Rejected French Mainstream Unites Behind Macron for Election's Round 2 - NBC 5 Dallas-Fort Worth
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Rejected French Mainstream Unites Behind Macron for Election's Round 2

Emmanuel Macron and Marine Le Pen progressed in Sunday's election, a centrist victory that was followed by European stock markets



    Macron, Le Pen to Face Off in France's Presidential Election

    In a twist reminiscent of the American presidential election, most French voters voted against France's mainstream candidates in favor of a right-wing nationalist and an independent candidate for presidency. Emmanuel Macron came in first for the majority of French voters on Sunday at 23.7 percent, with far-right populist Marine Le Pen coming in second at 21.5 percent. (Published Monday, April 24, 2017)

    France's political mainstream, shut out of the presidency by an angry electorate, united Monday to urge voters to back centrist Emmanuel Macron in the presidential runoff and to reject Marine Le Pen's populist nationalism.

    Politicians on the moderate left and right, including French President Francois Hollande and the losing Socialist and Republicans party candidates in Sunday's first-round vote, maneuvered to block Le Pen's path to power in the May 7 runoff.

    In a solemn address from the Elysee palace, Hollande said he will vote for Macron, his former economy minister, because the far-right Le Pen represents "both the danger of the isolation of France and of rupture with the European Union."

    Hollande said the far-right would "deeply divide France" at a time when the terror threat requires "solidarity.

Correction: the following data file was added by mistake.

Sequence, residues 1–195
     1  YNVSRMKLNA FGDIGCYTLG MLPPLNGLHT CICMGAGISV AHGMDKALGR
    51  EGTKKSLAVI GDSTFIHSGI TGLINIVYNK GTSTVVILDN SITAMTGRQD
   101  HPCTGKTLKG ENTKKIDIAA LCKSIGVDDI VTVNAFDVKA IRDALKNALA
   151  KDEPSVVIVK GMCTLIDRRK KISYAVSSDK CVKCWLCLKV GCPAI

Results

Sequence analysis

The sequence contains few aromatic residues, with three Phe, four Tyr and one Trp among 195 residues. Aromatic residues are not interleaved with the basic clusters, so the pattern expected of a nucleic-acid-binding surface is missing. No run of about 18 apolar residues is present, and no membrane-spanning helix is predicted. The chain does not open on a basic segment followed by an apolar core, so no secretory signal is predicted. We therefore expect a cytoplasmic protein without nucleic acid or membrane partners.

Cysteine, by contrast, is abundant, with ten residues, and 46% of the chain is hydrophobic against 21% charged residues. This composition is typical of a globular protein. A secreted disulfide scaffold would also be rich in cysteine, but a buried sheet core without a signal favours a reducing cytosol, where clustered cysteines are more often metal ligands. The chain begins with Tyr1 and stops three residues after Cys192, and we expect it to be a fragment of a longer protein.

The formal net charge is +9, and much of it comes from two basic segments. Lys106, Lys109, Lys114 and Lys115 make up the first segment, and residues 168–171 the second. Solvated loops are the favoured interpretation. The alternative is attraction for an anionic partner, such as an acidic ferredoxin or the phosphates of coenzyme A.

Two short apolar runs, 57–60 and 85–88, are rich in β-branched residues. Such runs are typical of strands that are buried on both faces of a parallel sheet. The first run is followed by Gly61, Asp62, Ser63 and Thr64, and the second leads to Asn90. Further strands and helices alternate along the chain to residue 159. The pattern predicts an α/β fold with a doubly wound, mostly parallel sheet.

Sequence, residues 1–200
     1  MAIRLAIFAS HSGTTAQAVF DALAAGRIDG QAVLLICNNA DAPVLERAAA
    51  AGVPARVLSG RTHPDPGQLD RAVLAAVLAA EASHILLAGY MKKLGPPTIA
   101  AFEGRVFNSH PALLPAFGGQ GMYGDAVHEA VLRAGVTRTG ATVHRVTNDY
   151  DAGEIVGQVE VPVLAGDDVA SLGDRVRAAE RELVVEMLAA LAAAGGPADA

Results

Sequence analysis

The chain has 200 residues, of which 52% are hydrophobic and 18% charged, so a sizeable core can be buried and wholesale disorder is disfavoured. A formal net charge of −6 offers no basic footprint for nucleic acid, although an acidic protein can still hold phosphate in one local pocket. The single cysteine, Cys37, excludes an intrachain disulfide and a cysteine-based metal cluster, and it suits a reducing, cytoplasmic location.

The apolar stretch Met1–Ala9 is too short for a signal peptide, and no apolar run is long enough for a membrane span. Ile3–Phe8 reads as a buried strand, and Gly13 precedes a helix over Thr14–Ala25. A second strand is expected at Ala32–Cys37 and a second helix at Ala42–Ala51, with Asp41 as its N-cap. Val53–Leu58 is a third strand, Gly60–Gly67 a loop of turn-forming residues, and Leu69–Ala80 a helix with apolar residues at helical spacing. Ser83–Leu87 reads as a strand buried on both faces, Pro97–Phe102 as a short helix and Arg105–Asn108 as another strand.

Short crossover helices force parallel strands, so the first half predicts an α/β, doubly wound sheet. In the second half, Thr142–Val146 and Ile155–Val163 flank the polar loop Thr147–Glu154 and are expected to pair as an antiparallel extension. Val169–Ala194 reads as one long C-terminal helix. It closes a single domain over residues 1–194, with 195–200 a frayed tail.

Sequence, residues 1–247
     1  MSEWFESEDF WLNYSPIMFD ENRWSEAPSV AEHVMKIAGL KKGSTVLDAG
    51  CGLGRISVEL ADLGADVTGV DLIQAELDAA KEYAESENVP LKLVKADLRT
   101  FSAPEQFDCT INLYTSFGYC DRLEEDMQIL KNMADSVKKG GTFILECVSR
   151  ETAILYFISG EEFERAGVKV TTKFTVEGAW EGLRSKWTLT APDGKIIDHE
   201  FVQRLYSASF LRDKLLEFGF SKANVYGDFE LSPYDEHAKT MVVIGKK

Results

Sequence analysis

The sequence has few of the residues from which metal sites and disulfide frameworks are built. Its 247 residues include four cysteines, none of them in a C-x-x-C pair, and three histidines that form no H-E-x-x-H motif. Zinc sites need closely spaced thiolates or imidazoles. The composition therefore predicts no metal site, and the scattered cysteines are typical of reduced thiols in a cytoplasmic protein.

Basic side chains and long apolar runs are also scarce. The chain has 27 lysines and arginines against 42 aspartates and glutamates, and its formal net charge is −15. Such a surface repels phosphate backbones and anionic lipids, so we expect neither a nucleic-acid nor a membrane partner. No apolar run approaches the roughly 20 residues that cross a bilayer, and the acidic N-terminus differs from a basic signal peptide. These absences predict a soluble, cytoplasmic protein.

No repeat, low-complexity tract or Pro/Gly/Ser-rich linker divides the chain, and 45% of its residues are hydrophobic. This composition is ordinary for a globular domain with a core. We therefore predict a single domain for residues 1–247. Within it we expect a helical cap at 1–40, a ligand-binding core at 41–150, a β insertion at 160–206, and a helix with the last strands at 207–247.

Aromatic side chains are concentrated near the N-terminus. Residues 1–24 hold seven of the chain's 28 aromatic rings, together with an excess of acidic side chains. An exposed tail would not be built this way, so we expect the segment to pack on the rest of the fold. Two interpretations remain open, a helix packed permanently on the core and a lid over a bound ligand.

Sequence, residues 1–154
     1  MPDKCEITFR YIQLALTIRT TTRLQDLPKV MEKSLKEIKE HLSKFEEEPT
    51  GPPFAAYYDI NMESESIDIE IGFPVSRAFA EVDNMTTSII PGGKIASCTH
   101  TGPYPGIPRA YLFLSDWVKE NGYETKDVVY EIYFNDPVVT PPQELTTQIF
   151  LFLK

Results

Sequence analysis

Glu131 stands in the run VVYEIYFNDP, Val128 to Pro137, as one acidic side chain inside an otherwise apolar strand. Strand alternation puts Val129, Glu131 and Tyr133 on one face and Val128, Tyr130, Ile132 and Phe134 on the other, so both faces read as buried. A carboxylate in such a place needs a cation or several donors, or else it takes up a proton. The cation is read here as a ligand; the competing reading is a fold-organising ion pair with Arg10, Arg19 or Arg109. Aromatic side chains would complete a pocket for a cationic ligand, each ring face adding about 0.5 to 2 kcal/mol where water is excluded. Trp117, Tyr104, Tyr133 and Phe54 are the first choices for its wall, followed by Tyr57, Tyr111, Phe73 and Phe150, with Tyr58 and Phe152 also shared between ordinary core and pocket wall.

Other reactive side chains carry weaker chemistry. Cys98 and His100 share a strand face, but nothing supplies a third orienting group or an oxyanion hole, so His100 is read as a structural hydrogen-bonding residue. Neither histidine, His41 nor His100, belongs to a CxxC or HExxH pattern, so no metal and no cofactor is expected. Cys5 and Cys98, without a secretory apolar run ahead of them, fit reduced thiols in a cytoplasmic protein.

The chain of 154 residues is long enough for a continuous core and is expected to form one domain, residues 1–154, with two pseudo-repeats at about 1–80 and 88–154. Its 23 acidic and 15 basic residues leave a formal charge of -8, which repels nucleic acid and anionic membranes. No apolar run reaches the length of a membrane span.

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    French voters are casting ballots for the presidential election in a tense first-round poll that's seen as a test for the spread of populism around the world. More than 60,000 polling stations opened Sunday morning for some 47 million eligible voters, who will choose between eleven candidates. It's the most unpredictable election for France in generations.

    (Published Sunday, April 23, 2017)

    "Faced with such a risk, it is not possible to remain silent or to take refuge in indifference," he said.

    European stock markets surged, and France's main index hit its highest level since early 2008, as investors gambled that the rise of populism around the world — and its associated unpredictability in policymaking — may have peaked.

    Voters narrowed the French presidential field from 11 to two on Sunday. The contest is widely seen as a litmus test for the populist wave that last year prompted Britain to vote to leave the European Union and U.S. voters to elect Donald Trump president.

    Only the defeated far-left candidate, Jean-Luc Melenchon, pointedly refused to back Macron.

    Le Pen's far-right National Front party, meanwhile, is hoping to peel away voters historically opposed to a party long tainted by racism and anti-Semitism.

    "The voters who voted for Mr. Melenchon are angry voters. They can be in agreement with us," National Front Vice President Steeve Brios told The Associated Press, adding that those far-left voters sought choices "outside the system."